Working in an office certainly isn’t for everyone. Many people find it to be a suppressive environment, one in which their talents are not recognized.
Then there’s the office politics, which can end up deciding the fate of your career and determine who your future boss will be.
It could be that you simply don’t enjoy the physical attributes of an office environment, from the fluorescent lighting to constrictive working spaces or cubicles, which thankfully are losing popularity in the modern age.
But for better or worse, office jobs tend to be plentiful, and looking for a non-office job can take some time.
So if you think that working in an office is depressing, check out our tips on how to cope with your job and potentially work toward finding a job that you truly enjoy.
Stay Focused on Tasks
It’s important to not let your feelings about the workplace negatively affect your performance in the workplace.
Additionally, if you stay focused on your work and upcoming deadlines, you won’t be able to focus as much on wanting to find a different job or how you don’t enjoy the office setting.
Make sure to meet your deadlines and contribute to team projects with as much enthusiasm as you can muster.
Make the Office More Comfortable
Another good way to cope with workplace-related depression is to make your immediate workspace a bit more comfortable by tailoring it to your personality.
While you can’t bring in your own furniture or other large comforting objects, you can bring in small items or other intangible sources of comfort.
Focusing on these small comforting influences can distract you from negative feelings and even motivate you to finish your work efficiently.
Consider bringing family photos into work in the near future. Seeing images of your loved ones can be an excellent means of finding motivation and gaining a broader perspective on your situation.
We would also recommend bringing in little knick-knacks that are related to your personal hobbies and interests.
For example, if you’re a big sports fan, then you may want to bring in a few fun bobbleheads or a team pennant to hang on your wall.
It may sound like a minor suggestion, but you’ll enjoy being reminded of your favorites interests and activities outside of the workplace.
Listening to your own music during work hours can be an excellent way to cope with a bad situation.
You can even design a playlist to listen to specifically during work, packed with songs that boost your mood and motivate you to work a bit harder throughout the day.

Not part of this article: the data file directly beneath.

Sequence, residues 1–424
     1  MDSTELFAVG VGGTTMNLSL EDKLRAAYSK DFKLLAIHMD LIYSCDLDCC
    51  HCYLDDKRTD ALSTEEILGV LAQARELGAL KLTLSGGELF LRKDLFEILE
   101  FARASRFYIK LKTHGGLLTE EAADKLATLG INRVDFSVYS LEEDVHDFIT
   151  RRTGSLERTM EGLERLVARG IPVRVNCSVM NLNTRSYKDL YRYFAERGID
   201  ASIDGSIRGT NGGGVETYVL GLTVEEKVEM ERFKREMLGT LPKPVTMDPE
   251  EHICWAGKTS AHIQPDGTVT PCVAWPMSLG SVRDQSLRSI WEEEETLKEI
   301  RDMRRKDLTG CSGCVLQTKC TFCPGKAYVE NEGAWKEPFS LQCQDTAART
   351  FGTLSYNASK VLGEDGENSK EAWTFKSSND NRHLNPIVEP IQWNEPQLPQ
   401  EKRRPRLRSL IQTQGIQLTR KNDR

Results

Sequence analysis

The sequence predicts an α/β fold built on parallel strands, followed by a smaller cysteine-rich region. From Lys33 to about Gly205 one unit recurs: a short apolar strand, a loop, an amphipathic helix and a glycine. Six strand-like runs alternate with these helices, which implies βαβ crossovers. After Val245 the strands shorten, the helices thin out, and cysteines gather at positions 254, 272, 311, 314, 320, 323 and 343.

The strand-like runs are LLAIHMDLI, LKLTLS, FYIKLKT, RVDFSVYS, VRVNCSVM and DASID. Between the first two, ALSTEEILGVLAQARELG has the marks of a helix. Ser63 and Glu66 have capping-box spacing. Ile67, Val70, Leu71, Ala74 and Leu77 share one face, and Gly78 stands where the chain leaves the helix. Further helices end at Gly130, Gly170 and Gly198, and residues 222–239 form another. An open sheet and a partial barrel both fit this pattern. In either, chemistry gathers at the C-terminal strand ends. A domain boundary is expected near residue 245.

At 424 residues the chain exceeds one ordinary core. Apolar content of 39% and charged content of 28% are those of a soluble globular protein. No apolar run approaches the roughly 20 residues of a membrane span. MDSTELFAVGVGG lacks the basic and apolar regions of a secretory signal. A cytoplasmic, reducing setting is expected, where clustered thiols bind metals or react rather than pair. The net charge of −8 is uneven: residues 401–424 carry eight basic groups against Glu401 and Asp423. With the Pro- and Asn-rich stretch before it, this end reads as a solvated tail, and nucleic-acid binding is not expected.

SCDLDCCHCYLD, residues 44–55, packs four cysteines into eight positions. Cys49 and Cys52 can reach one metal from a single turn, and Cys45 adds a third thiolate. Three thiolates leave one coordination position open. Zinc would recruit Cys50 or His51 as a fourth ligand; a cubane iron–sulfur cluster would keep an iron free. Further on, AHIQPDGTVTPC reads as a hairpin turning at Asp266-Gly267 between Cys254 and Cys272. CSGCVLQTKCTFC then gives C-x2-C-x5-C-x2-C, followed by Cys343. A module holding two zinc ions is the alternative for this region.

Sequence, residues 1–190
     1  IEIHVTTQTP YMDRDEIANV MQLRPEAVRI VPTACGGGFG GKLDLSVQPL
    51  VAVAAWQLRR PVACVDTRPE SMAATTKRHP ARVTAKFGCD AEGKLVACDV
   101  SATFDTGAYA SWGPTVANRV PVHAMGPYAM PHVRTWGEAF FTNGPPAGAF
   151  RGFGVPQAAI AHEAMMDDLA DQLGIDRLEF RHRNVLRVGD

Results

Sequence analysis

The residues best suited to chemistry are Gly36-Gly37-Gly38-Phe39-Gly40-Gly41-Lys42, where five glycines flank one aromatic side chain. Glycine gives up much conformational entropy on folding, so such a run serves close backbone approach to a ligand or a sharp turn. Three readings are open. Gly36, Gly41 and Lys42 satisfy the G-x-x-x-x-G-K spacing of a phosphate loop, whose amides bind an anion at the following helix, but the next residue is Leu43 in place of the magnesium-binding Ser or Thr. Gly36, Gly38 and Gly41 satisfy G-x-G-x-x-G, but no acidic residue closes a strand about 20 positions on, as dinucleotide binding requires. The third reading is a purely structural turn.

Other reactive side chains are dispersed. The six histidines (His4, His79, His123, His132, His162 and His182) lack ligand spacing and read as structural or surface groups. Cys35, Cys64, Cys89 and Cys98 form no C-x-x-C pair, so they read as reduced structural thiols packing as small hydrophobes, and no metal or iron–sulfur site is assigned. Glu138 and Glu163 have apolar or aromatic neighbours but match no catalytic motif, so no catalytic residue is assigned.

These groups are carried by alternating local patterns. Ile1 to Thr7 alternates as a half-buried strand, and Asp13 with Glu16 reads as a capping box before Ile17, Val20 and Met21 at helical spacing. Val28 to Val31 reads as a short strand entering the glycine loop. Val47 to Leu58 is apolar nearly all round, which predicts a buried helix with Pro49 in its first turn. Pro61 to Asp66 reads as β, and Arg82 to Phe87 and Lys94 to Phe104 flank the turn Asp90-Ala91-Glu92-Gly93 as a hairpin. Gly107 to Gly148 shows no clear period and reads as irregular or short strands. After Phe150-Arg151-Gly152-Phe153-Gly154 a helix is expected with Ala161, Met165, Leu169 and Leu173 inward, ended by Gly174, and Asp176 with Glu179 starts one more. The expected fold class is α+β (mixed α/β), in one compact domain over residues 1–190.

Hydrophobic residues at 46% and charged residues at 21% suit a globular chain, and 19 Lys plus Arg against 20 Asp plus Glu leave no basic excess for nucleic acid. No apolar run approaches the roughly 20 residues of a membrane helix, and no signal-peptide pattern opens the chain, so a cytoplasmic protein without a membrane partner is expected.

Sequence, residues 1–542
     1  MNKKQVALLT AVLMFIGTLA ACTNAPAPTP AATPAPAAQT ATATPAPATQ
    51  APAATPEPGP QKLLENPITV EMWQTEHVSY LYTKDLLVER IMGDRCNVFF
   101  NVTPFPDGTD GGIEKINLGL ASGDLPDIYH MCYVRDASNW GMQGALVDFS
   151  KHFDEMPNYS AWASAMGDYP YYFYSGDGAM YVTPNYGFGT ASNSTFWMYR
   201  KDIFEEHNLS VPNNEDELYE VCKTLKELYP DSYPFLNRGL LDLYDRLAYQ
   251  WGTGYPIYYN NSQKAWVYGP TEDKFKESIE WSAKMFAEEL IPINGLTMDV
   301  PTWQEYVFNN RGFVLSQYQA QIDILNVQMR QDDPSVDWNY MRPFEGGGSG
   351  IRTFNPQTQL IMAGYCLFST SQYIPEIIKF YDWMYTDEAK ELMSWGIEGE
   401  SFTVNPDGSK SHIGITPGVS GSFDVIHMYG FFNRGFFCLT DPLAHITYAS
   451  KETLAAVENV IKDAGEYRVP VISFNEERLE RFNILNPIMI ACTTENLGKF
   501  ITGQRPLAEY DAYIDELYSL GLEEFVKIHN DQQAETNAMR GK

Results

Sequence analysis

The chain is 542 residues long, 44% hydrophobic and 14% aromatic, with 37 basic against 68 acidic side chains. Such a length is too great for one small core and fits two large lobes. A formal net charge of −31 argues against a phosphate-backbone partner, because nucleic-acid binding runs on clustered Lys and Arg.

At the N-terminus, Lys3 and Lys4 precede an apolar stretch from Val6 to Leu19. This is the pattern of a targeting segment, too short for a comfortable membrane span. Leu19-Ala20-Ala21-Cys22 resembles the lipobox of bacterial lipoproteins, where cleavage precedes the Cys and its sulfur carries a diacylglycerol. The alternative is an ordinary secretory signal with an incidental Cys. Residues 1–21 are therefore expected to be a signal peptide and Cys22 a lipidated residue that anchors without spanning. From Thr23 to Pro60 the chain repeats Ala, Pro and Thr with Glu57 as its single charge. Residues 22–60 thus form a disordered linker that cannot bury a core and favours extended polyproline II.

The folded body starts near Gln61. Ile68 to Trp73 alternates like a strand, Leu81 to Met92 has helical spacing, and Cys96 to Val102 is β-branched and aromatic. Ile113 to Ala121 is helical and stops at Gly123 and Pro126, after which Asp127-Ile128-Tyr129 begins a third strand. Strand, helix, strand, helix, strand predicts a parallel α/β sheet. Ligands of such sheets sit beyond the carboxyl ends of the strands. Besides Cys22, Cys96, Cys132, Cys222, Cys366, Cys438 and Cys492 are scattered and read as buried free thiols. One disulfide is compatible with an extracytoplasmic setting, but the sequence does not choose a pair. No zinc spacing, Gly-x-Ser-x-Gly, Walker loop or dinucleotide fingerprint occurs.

If your work is fairly repetitive and mindless, then you can also try listening to some of your favorite podcasts during work.
This way, you’ll stay entertained while completing your work, and you just might learn something new in the process.
Or if you’re looking to be far more productive at work, then you should try listening to a selection of classical music, which has been proven to encourage mental stimulation.
Taking breaks during your shift is one of the single best ways to relax, recharge, and gain a more objective view of your situation.
You may even be entitled to additional breaks beyond your normal lunch break, depending on state laws where you work.
Get in touch with your human resources representative and ask whether you’d be able to take small 15-minute breaks in addition to your lunch break.
If possible, you should try to take your break outside of the office or even outside of the office building.
Take a short walk near the office building. The exercise can help you boost your mood and prepare you for the rest of your workday.
Explore Other Jobs
If you’ve tried your best to cope with your depressing office job and your efforts have proven to be unsuccessful, then it may be time to start considering finding work elsewhere.
As a first step, you should set aside some time to update your resume. Make sure that potential employers will be able to see your skills and past experience clearly and easily.
And while your job search should be based on your skills and your areas of interest, you may also want to focus on industries that would allow you to work in a setting other than an office.
Many freelance jobs allow you to work from home or a shared office space of your choosing. Common freelance activities include graphic design, proofreading, video editing, and illustration.
If you prefer to work outdoors, you may want to explore the possibility of becoming a park ranger or a city employee who checks utilities around town.
Make Use of Your Free Time
While you’re waiting to hear back from potential employers, you should also try to make good use of your free time each day.
This means that when you come home from a long day at the office, you should try to avoid falling asleep on the couch or just watching television for 3-5 hours at a time.
Sink some time into your hobbies or social activities with friends. At the end of each day you’ll be more likely to feel like you made good use of your time.
Working on a continuous project in your spare time, such as a model train set or canvas paintings, can help give you something to look forward to each evening, preventing you from thinking too much about work.
Hobbies are just a great way to remind yourself that you have a vibrant life outside of work, a life where you can dedicate your time to anything you want, or be wherever you want that isn’t just another office.
Feeling depressed in your office job is far from rare. Many other people feel the same way you do, and reaching out to others who want to work somewhere other than an office may inspire you to find a new job.
Until then, stay calm and try to focus on the aspects of your work that you genuinely enjoy.